Today I was thinking about the profound affect Soulforce has had on my life. What if the Equality Ride hadn’t come to Calvin College in 2007? The impact of the 33 Riders who came to my school is so much bigger then this article I found in the Chimes would lead anyone to believe. In some ways, I think I’m an incredibly different person because of this. I found my voice. I started speaking up about queer issues. I was inspired by the Riders boldness and courage to do what I had always been afraid to do. Then I met a seven Calvin students who wanted to make things better at Calvin. Somewhere between the Riders and my new friends at Calvin I finally made sense of myself. I realized I am queer. It turns out, straight women do not find women attractive (as in date worthy) in addition to finding men attractive. I started getting involved with activism and there was an interesting switch in the straight to queer friend ratio. I now have some of my best friends in the world because of the Equality Ride coming to Calvin. The summer after my final year at Calvin, I was accepted into Q Camp with Soulforce. I learned a ton about intersectional social justice, it changed my frame work for doing justice. I also met my amazing woman at Q Camp and now we’re dating and I’m in love and ended up here in Kansas City. Aside from Yantezia, I’m also grateful for the other Q Campers who are amazing activist that I can go to for friendship and activism advice.
Archive for the ‘2010 Equality Ride’ Category
Six months ago, I started working with Soulforce, running our web and media efforts. I have a three year history with Soulforce which started as a 2007 Equality Rider. Soulforce retained me just as the 2010 Equality Ride was setting out and a week into the campaign, I joined them in North Carolina for a visit to Southeastern Baptist Theological Seminary. Some things I remember: the long hours, the instant bond between riders, the unmistakable feeling that we are doing something truly remarkable. Some things were different: the diverse group of riders were even better prepared and more intentional… the ride improves every year.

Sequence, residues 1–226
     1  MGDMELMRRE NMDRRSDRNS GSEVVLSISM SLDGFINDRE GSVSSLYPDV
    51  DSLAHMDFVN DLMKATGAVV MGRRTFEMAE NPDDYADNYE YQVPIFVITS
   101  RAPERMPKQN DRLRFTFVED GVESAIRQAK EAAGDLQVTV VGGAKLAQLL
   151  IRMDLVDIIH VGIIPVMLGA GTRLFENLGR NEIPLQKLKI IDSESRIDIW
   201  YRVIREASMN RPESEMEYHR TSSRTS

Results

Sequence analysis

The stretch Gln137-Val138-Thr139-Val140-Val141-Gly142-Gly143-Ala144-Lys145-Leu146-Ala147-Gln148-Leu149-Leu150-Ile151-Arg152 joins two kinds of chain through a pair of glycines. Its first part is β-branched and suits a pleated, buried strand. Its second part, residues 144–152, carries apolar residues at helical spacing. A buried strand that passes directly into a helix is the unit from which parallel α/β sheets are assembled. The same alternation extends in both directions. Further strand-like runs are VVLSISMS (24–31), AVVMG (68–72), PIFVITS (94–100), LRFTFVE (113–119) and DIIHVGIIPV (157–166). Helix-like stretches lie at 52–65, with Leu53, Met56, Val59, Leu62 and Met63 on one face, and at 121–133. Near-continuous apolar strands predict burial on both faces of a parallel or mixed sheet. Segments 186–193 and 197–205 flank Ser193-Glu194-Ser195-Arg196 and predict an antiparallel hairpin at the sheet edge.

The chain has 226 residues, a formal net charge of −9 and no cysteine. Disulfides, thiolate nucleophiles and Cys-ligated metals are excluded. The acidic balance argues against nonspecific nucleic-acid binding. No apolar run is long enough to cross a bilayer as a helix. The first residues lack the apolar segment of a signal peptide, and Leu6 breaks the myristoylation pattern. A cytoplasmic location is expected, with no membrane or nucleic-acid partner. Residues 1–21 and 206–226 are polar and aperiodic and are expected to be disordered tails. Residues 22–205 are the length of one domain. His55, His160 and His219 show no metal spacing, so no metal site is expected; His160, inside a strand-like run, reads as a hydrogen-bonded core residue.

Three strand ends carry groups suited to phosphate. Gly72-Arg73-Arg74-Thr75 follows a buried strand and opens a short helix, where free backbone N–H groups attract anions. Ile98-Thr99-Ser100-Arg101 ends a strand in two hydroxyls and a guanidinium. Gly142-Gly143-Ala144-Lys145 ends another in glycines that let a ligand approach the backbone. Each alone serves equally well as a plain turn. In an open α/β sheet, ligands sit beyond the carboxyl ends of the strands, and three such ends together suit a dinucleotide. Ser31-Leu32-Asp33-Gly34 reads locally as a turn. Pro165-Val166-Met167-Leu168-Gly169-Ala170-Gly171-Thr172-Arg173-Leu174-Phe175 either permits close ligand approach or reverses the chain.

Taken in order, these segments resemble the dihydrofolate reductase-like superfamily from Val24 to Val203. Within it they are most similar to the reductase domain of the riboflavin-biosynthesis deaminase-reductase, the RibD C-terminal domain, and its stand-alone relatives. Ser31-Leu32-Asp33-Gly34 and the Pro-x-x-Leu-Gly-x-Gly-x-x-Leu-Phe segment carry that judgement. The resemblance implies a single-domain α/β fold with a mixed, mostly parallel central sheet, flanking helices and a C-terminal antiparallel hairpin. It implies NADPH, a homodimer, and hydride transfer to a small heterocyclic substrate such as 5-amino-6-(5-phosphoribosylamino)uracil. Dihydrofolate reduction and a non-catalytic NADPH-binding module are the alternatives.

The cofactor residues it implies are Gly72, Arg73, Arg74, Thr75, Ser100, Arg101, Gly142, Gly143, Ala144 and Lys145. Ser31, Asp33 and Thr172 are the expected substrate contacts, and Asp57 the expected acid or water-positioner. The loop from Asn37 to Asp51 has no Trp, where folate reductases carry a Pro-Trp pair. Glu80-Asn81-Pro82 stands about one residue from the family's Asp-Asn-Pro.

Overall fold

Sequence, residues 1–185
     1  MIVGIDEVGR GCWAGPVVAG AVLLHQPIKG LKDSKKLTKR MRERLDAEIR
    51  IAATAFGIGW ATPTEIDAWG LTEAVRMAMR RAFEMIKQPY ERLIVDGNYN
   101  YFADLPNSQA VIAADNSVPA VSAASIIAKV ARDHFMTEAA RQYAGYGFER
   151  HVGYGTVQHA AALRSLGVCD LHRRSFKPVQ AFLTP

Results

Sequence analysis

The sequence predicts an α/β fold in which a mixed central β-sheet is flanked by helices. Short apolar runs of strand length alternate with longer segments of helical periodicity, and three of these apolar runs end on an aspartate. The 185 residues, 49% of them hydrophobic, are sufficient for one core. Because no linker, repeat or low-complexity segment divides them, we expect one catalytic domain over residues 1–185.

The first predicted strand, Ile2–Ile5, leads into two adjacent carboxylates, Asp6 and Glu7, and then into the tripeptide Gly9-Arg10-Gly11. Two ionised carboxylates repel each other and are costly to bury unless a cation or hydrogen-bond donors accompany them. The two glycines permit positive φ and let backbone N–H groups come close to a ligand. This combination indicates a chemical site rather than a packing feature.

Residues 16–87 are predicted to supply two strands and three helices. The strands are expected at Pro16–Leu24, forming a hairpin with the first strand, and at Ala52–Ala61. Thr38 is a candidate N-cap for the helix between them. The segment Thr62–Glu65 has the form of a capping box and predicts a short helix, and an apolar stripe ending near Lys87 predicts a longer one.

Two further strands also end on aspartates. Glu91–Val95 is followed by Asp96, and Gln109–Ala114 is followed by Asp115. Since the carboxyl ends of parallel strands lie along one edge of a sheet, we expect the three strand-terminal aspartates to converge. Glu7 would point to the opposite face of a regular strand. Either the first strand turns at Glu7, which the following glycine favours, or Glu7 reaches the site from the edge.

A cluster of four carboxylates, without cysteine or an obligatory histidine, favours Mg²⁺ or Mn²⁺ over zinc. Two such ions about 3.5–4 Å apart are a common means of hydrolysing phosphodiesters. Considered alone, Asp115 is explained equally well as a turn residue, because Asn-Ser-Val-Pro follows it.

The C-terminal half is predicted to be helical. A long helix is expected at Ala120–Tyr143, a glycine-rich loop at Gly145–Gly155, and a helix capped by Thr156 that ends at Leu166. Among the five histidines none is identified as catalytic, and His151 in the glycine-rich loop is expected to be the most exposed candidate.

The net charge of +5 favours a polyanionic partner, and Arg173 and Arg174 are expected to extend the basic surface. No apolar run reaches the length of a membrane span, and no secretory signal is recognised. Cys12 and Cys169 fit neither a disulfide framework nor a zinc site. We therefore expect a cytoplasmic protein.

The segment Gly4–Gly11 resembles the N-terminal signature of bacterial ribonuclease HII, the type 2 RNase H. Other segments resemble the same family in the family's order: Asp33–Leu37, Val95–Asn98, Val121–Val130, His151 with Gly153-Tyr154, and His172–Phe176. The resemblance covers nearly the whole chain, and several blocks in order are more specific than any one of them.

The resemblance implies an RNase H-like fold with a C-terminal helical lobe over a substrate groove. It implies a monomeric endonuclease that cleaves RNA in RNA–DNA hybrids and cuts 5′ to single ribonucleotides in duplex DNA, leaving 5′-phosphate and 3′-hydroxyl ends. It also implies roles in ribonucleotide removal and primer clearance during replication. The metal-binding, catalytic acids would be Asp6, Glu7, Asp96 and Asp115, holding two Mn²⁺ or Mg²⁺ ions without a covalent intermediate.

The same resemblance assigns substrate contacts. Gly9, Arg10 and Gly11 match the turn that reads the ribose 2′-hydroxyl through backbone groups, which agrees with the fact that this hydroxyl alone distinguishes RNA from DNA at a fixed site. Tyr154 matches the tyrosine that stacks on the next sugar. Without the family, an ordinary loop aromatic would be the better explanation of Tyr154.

After our short visit to Southeastern Baptist Theological Seminary, I spent the entirety of a community picnic speaking with a seminary student. We talked about The Law and Leviticus for three hours. It was grueling and utterly exhausting. During that conversation I also connected, briefly, with another seminary student. The student joined us later that night for conversation in our hotel lobby and for lunch the following day. They shared a bit of their passions and joys, some struggles and theological differences they experienced at Southeastern Baptist Theological Seminary. After talking with young adults about queer issues for three years, I have a pretty good sense of when a person wants to say something but can’t. I got that feeling from this person.
Today, that student, now a graduate, sent me a message. They shared a brief update on their life and then, almost in passing, mentioned that they are now in a queer relationship and could not be happier. They are starting to come out, they might lose their job at a Baptist church, but all will be well.
That is all I have to share today: that six months ago I spent three hours talking about Leviticus in a park in rural North Carolina and today a Southern Baptist told me that they are beginning to love themselves. The Equality Ride never really ends. And thank goodness it doesn’t.
Please help us ensure the future of the Equality Rides be making a donation toward the next ride today.